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Design, fabrication, and analysis of crystalline Si-SiGe heterostructure thin-film solar cells

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7 Author(s)

One possible method to improve the efficiency of crystalline silicon (Si) solar cells is by alloying with germanium (Ge). Although the improved absorption of the alloy leads to a gain in the current, the reduction of the alloy bandgap causes a loss in voltage, which overrides the increased current of the SiGe-alloy solar cell. There has been a number of theoretical studies to circumvent this behavior. However, to date there has been no detailed study, which discusses the technological implementation of these concepts in solar cells. In this paper, the design issues of crystalline Si-SiGe heterostructure will be dealt with in an attempt to reduce the effect of the increased dark current of the alloyed cells, while at the same time sustaining the enhancement in the current. The enhanced back surface field at the back p+-Si/p-SiGe interface reduces the base component of the recombination current of the heterostructure cell if recombination caused by dislocations is neglected. A higher infrared (IR) response which results in a higher short-circuit current (2 mA/cm2 higher than a reference Si cell) has been recorded for the Si-Si0.9 Ge0.1-thin-film structure of 15 μm thickness. The reduction in dark saturation current which has been predicted based on the theoretical calculations could not be realized in the heterostructure SiGe/Si cell due to the degradation effect of the misfit dislocations that decreases the bulk lifetime, and increases the interface recombination velocity. In a structure which contains a p+-SiGe buffer layer, an efficiency of 12.5% is achieved for a SiGe cell with 15 μm thickness without texturing or optical confinement, which is about the same as the Si reference cell with equal active thickness, but with a higher short-circuit current. These results, for the first time, experimentally prove that alloying with Ge offers a higher current and might have a room for improving the efficiency of the multijunction solar cells or dual bandgap cells when SiGe is used to convert the IR-part of the spectrum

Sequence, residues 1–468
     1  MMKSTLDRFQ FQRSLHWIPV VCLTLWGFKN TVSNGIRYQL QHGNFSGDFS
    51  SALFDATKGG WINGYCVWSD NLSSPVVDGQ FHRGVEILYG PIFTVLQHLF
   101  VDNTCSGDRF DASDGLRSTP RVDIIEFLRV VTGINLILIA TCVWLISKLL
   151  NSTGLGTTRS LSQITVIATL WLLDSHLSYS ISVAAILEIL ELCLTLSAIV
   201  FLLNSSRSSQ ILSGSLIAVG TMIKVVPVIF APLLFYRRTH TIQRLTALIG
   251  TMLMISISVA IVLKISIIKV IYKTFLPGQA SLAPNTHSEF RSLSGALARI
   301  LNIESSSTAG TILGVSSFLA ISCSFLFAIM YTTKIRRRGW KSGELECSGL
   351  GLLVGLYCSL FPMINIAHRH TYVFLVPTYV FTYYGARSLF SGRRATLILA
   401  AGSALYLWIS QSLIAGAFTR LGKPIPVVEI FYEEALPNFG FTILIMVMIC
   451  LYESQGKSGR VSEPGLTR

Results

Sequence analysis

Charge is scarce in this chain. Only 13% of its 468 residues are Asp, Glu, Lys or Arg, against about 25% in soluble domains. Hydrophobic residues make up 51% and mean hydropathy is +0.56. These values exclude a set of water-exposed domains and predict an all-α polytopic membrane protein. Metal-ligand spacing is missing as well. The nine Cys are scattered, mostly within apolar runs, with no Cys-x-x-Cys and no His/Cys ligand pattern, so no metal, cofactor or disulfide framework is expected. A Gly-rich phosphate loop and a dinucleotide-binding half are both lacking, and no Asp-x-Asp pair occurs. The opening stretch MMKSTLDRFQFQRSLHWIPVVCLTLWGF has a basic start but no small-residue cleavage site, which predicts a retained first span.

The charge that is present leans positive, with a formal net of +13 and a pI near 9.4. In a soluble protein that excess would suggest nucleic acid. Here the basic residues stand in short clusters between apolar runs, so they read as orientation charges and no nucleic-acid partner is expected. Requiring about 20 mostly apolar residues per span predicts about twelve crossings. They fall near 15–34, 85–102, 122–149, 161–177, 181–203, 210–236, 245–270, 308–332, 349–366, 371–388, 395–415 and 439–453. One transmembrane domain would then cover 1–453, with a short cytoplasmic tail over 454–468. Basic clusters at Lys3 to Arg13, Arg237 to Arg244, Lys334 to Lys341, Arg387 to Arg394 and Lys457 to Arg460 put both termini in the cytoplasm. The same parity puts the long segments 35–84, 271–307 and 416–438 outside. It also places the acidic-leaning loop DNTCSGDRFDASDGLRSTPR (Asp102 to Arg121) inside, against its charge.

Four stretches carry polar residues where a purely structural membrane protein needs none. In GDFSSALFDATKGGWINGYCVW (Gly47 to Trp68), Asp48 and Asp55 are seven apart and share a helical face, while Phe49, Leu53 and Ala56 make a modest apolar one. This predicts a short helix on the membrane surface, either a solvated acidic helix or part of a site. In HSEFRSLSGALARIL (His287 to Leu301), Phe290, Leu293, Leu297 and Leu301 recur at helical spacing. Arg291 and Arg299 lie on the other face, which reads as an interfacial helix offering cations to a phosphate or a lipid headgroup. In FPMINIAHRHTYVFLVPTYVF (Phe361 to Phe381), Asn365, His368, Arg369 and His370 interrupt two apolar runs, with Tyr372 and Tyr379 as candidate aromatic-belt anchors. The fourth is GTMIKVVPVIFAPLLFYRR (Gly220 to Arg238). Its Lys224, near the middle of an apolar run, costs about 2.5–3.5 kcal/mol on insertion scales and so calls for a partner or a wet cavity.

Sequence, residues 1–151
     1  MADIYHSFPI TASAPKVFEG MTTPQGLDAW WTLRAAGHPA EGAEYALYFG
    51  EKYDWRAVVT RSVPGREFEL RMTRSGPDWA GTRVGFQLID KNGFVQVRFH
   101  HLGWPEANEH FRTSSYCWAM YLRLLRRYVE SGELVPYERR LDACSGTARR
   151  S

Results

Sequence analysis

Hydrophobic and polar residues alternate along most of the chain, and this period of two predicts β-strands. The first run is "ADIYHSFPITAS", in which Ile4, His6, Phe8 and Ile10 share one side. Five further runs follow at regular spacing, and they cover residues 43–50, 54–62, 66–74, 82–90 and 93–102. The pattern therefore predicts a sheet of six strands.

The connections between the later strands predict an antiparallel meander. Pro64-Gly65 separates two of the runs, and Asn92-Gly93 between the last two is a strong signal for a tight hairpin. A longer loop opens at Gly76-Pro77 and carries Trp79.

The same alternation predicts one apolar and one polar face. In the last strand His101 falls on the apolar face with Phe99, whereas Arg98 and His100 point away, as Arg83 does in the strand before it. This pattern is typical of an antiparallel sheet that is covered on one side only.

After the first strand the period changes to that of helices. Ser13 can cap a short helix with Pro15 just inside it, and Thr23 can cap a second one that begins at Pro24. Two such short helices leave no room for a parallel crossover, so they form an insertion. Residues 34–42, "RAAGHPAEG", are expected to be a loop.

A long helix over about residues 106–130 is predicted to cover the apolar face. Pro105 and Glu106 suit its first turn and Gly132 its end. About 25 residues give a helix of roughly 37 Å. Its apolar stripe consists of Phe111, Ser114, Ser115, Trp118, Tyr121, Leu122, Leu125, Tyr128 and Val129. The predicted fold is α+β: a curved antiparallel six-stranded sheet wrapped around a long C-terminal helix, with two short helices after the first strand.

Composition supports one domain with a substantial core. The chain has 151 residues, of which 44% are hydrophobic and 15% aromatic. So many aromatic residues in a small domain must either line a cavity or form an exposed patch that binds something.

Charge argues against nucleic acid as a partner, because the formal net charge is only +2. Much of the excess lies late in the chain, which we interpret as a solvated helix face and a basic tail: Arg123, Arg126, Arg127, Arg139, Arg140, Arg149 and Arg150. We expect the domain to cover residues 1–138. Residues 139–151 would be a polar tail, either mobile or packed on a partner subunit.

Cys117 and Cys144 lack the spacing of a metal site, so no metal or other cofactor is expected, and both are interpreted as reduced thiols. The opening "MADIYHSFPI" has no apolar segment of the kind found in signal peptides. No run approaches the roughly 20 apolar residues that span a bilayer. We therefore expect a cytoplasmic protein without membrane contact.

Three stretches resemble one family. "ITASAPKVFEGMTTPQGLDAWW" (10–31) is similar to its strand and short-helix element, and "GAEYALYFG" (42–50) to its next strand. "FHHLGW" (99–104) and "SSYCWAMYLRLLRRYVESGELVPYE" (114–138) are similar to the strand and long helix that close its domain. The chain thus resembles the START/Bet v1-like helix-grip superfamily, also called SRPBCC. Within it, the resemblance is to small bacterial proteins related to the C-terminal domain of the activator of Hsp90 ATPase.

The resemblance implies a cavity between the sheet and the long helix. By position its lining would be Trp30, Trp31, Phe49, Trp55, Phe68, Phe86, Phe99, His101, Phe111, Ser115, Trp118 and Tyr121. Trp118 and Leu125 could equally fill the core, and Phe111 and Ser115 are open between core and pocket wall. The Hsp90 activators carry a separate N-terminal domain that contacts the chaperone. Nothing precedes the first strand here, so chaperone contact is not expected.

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IEEE Transactions on Electron Devices  (Volume:46 ,  Issue: 10 )